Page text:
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  • Writer's pictureRachel Langan

Solutions: 3 Things WCASD Can Do to Support Mental Health

Our candidates are solution-oriented and believe that the complex problems facing our district will require a myriad of solutions.

With two recent advisory warnings, the U.S. surgeon general issued a powerful one-two jolt to the nation’s consciousness about the severity of the adolescent mental health crisis and the role social media may be playing in it. The warnings are peppered with sobering statistics that illuminate the depth of this emergency. They show, for example, that over a 10-year period, there have been 60% increases in: adolescents reporting major depressive episodes; those experiencing feelings of sadness and hopelessness: and, most alarmingly, suicide rates. Those statistics point to what can only be called an epidemic of loneliness, depression and disconnectedness that is gripping the country’s young people.

The warnings also offer some potential remedies, including things schools and school districts can do to improve adolescent mental health, such as expanding social-emotional learning programs. But as helpful and perceptive as those ideas are, far too little attention is being given to the importance of transforming schools into places that actively combat social isolation by infusing into their cultures a sense of community through which everyone feels supported, looked after and cared for. My experience over more than three decades in education makes clear that when schools establish these kinds of environments, the mental health benefits to students are profound, with isolation and despair replaced by connection and positivity.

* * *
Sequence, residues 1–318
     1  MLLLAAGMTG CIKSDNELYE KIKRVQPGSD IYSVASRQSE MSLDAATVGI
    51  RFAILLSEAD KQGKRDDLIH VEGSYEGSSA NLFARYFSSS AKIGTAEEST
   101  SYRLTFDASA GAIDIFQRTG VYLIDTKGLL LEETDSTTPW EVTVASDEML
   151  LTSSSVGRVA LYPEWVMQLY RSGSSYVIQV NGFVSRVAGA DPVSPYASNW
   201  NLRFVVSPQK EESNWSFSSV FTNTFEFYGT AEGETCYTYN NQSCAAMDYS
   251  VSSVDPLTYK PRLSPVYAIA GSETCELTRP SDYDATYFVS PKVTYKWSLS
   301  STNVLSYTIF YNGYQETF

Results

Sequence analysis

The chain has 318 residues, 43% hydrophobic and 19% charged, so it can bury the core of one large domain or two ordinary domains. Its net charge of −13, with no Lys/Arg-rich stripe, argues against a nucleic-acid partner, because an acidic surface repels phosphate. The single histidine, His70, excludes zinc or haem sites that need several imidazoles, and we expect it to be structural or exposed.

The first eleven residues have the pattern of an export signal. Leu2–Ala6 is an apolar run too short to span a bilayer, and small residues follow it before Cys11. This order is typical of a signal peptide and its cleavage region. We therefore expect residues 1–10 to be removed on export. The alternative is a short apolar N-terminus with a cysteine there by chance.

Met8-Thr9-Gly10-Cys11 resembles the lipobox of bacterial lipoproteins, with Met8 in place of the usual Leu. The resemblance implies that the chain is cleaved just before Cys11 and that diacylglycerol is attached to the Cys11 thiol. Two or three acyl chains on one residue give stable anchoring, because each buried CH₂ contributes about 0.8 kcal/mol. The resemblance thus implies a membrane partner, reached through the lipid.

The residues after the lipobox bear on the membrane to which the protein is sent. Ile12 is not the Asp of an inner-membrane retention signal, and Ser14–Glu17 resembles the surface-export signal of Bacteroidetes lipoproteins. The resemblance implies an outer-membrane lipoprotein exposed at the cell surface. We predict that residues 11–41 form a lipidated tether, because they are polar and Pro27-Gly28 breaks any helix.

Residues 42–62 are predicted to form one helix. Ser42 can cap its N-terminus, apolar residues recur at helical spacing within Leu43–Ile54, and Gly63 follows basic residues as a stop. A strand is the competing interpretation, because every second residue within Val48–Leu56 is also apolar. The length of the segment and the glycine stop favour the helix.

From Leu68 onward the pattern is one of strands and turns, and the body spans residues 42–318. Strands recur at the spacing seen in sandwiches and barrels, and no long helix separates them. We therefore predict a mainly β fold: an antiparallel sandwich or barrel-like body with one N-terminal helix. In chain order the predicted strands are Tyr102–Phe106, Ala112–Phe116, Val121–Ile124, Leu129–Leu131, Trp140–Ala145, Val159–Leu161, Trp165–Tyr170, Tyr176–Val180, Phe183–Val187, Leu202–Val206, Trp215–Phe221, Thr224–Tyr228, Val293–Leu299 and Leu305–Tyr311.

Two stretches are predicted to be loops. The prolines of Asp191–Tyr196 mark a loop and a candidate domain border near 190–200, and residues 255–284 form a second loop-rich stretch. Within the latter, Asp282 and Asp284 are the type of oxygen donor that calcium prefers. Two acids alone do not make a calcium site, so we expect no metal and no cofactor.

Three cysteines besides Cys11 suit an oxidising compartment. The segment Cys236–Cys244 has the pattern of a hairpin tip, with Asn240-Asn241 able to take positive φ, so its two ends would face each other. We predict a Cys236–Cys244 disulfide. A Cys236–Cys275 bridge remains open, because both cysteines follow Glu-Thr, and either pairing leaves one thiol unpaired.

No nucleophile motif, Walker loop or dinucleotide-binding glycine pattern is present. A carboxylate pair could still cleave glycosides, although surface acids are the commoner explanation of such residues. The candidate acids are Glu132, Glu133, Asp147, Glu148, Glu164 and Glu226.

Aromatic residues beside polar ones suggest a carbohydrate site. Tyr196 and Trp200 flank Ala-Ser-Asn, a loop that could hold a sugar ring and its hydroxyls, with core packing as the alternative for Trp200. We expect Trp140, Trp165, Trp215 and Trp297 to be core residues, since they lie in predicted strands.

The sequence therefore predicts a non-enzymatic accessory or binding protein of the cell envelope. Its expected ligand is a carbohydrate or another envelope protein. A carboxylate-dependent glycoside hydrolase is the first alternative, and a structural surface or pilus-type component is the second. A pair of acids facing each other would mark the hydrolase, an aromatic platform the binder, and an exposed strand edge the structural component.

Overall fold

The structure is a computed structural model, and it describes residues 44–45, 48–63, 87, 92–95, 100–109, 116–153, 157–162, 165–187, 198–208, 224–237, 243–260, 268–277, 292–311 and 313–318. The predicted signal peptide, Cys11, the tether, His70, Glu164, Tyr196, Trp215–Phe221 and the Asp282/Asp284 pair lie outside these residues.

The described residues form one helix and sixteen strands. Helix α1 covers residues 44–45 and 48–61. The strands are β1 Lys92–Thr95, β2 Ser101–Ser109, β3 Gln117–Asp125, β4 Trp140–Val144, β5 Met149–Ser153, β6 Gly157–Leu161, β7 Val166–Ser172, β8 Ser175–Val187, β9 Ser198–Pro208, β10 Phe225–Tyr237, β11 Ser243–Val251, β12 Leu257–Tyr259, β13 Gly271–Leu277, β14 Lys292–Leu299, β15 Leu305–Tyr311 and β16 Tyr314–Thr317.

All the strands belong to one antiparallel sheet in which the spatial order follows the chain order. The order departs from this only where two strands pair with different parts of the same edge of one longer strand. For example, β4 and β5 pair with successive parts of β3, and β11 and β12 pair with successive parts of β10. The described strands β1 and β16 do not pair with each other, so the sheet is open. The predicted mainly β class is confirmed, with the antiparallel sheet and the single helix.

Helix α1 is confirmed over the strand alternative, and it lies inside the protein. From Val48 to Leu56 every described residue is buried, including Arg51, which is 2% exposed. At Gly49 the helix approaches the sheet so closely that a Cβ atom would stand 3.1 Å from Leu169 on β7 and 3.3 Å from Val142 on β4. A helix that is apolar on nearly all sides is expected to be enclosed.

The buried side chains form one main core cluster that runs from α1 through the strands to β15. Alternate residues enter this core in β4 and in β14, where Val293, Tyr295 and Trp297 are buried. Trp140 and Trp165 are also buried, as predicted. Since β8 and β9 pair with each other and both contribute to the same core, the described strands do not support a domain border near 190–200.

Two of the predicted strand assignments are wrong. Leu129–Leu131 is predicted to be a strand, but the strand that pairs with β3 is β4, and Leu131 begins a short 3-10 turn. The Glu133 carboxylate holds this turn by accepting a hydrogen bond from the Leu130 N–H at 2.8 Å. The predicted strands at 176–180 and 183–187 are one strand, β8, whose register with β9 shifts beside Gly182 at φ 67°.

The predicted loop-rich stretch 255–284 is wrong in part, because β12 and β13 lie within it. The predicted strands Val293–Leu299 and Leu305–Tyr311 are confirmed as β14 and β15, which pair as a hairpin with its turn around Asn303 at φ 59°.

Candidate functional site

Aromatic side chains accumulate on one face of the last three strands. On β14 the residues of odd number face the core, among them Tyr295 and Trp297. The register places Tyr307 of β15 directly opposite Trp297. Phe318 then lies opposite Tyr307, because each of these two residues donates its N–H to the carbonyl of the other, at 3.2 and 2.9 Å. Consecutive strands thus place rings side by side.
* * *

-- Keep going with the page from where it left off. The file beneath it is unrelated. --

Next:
Three simple but critical steps are key.

First, schools need to create peer support structures like advisories or what we at NYC Outward Bound Schools and our partner organization, EL Education, call crew. Through these structures, small groups of 10 to 15 students meet regularly in an environment of trust and mutual respect, to talk with and listen to one another on a host of school-related and personal issues. Students thus see their peers not as rivals, but as allies who have their backs and are rooting for their success. This peer-to-peer support helps create a safe, nurturing space where all students, regardless of their background or circumstances, can let down their guard, find their own voices and feel free to be themselves.

Second, and relatedly, schools need to ensure that every student has at least one adult who is readily available and can provide support, advice and an empathetic ear — someone students know they can turn to and rely upon. In schools with advisories or crew, this will be the teacher adviser who serves as a facilitator, mentor and advocate. In schools that don’t have advisories or crews, it’s imperative to connect each student with an adult who has the time and training to play that kind of meaningful role. While it might be tempting to assign this task to school guidance counselors, it requires far more intimacy and availability than most counselors, who are already overburdened with caseloads in the dozens, if not hundreds, are able to offer.

Third, schools need to provide regular opportunities for students to serve their communities and one another. Service is a highly effective antidote to the atomizing influence of social media because it helps young people discover the satisfaction, and the feelings of self-worth and purpose, that come with shifting the focus to others and going beyond their personal needs and concerns.

Addressing the nation’s youth mental health crisis will require a multi-pronged effort that goes well beyond these three steps and enlists many institutions besides schools. But don’t underestimate the impact schools can have when they create caring, supportive communities that are animated by the notion of “we are crew, not passengers.” Today more than ever, students need and deserve the sustenance, affirmation and love those communities provide.


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